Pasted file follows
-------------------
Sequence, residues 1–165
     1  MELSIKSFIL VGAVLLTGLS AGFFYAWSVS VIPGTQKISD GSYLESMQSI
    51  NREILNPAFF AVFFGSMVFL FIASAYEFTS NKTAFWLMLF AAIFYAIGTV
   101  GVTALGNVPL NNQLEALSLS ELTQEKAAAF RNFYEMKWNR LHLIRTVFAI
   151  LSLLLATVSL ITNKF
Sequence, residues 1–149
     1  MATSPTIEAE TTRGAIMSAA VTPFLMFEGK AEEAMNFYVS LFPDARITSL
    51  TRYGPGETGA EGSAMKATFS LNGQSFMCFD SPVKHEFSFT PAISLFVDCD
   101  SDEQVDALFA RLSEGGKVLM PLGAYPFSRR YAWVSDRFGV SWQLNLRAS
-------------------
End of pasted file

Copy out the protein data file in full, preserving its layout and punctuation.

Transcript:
Sequence, residues 1–165
     1  MELSIKSFIL VGAVLLTGLS AGFFYAWSVS VIPGTQKISD GSYLESMQSI
    51  NREILNPAFF AVFFGSMVFL FIASAYEFTS NKTAFWLMLF AAIFYAIGTV
   101  GVTALGNVPL NNQLEALSLS ELTQEKAAAF RNFYEMKWNR LHLIRTVFAI
   151  LSLLLATVSL ITNKF
Sequence, residues 1–149
     1  MATSPTIEAE TTRGAIMSAA VTPFLMFEGK AEEAMNFYVS LFPDARITSL
    51  TRYGPGETGA EGSAMKATFS LNGQSFMCFD SPVKHEFSFT PAISLFVDCD
   101  SDEQVDALFA RLSEGGKVLM PLGAYPFSRR YAWVSDRFGV SWQLNLRAS